Since the ultimate goal in restoring health is making things as natural as possible, how on earth can a powerful endocrine disrupter such as this Frankenstein DMAU NOT cause serious complications? They specifically mention hormonal pathway disruption in the article, as if it’s a good thing. Have we learned nothing?

Backing up a bit, it’s very clear to us what happens when testosterone is lowered; by any cause. Now they want us to do that on purpose?

Here’s the unavoidable fly in the ointment for this drug: it’s a progestin. We already know what progestins do to women. We also know what is bad for the breast tends to be bad for the prostate. And we share the cardiovascular system. Let that sink in.

Now, who wants to be a guinea pig?

5
Ferritin is an iron storage protein. Yours is so low it is hurting you.

At the time they drew the sample, you had some iron in your blood. That is what they measured.

Ferritin can be falsely elevated, as in inflammation.

6
Testosterone, Hormones and General Men's Health / Re: 20 yo Male Low T
« on: March 16, 2018, 03:07:51 am »
My testosterone in August when I was 19 was 200 ng/dL, and I didn't do anything about it. I feel good and have been putting on muscle fine (230 bench in August to a 260 bench now, which is somewhat slow now that I think about it). I was 158 lb in August at 5'7'', which is somewhat lean for me: I'm 168 now and the 10 pounds is not all muscle.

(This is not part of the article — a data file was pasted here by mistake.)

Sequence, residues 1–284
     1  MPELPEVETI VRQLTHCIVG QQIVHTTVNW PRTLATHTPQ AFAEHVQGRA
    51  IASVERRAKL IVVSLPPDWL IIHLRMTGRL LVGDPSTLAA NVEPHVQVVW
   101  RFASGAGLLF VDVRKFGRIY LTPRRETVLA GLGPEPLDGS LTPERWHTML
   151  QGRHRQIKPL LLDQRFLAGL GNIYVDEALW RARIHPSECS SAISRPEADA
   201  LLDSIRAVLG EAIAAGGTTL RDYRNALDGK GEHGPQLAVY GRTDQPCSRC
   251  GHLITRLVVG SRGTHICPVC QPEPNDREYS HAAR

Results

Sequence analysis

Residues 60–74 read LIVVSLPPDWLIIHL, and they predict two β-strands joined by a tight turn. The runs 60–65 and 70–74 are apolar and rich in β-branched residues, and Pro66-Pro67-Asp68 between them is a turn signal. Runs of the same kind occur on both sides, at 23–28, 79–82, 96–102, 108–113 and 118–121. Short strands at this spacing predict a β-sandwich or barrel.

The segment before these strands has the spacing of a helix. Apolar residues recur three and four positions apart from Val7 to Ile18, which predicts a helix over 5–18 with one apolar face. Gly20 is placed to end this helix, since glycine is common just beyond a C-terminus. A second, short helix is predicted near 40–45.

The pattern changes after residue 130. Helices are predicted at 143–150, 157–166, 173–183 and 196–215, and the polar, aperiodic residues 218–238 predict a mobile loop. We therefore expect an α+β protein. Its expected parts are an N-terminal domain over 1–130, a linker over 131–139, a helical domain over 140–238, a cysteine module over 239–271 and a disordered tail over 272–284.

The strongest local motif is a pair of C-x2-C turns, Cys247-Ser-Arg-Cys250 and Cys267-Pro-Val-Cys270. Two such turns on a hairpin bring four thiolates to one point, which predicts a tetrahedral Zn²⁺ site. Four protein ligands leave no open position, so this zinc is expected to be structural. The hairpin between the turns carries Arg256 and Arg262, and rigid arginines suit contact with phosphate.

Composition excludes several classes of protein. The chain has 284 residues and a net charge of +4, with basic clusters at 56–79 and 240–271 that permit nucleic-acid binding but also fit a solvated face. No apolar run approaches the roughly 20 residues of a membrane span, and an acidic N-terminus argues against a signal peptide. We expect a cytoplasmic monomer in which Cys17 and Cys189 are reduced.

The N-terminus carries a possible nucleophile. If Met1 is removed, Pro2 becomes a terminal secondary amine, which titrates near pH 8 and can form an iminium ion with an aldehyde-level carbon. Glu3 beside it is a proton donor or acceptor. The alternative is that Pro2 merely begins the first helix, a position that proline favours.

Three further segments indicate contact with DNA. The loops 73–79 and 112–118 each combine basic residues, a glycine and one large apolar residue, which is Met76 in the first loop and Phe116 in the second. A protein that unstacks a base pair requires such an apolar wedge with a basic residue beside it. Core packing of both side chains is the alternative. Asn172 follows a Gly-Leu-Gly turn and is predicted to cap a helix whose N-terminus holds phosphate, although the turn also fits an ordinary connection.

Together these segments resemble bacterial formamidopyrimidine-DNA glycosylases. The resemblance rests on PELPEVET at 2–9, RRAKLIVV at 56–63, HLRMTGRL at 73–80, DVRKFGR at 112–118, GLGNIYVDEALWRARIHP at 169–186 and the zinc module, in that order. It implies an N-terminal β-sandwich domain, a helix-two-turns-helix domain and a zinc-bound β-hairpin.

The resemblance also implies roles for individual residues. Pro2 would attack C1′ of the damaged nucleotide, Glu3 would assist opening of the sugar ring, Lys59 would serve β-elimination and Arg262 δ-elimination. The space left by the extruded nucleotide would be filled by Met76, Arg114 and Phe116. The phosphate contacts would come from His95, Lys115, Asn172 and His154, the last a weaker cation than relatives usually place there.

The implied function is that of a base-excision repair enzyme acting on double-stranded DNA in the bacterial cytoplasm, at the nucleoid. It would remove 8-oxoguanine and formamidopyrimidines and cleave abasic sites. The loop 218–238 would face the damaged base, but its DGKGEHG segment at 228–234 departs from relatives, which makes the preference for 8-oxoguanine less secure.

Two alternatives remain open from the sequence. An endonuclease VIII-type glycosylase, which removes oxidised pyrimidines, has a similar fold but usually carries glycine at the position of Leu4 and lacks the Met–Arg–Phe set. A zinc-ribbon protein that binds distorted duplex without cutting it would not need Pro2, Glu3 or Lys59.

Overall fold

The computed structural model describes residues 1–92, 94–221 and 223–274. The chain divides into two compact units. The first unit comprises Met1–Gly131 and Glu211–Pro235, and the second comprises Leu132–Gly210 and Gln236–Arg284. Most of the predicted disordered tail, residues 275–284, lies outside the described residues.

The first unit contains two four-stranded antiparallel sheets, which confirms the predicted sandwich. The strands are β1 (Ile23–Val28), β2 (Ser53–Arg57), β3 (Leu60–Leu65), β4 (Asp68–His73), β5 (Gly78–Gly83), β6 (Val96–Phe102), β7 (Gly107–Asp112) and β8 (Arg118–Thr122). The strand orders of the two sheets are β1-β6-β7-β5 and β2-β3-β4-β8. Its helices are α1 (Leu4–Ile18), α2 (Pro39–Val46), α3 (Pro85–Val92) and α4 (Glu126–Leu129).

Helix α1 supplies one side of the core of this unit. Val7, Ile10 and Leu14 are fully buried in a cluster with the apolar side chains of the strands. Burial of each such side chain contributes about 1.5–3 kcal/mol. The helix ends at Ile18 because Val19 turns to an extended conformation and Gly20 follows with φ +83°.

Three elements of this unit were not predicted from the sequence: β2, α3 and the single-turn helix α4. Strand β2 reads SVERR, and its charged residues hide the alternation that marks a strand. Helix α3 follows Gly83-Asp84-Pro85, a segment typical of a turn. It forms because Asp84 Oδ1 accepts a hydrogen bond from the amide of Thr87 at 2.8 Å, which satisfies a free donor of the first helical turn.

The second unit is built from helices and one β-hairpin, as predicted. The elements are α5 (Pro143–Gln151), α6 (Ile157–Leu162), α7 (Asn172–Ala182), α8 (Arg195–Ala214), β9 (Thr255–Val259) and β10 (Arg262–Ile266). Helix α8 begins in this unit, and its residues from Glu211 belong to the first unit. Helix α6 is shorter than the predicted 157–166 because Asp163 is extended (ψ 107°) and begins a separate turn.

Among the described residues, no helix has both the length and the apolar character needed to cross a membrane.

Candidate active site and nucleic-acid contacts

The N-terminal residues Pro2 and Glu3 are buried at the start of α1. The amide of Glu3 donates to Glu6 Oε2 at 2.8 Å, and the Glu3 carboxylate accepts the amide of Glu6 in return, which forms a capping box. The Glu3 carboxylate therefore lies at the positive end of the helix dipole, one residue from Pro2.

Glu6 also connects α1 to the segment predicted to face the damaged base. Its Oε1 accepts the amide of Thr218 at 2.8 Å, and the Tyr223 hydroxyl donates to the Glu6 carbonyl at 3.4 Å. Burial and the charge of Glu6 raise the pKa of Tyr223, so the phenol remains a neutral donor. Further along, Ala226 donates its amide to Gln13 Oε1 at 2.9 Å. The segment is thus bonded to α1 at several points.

Should I check my T again? What else should I check? Free T? 200 seems really low, but I feel fine, but maybe I could feel insanely good. Unless my T is abysmal I probably won't do TRT. What non TRT methods do you recommend to increase T?

How noticeable is 200 ng/dL vs 400 vs 600? If my T is 400, should I still actively try to increase it? Is it possible that if I feel good and am putting on muscle, then increasing my T won't have a dramatic effect, even if my T is as low as 200?
It looks like you're not broken--there's nothing to fix.

Rejoice.

7
Please keep in mind you follow Clomid therapy by testing T and also LH/FSH.

All three are variable throughout the day.

8
Having low, or lower E, with high or higher SHBG, is a bad combination.

See how your Free T is barely in range, and with Total T where it is? The same thing is happening to your E.

9
Testosterone, Hormones and General Men's Health / Re: Trt thoughts
« on: March 10, 2018, 05:26:20 pm »
HCG is only beneficial to a TRT protocol (although there are always rare individuals who react badly to anything).

I don't know if you need an AI or not. But IF you do, they are effective and safe, if used properly.

10
Testosterone, Hormones and General Men's Health / Re: SHGB levels
« on: March 07, 2018, 07:42:20 pm »
Following up on James' final point, I see anxiety in guys with low(er) SHBG and high Free T.

11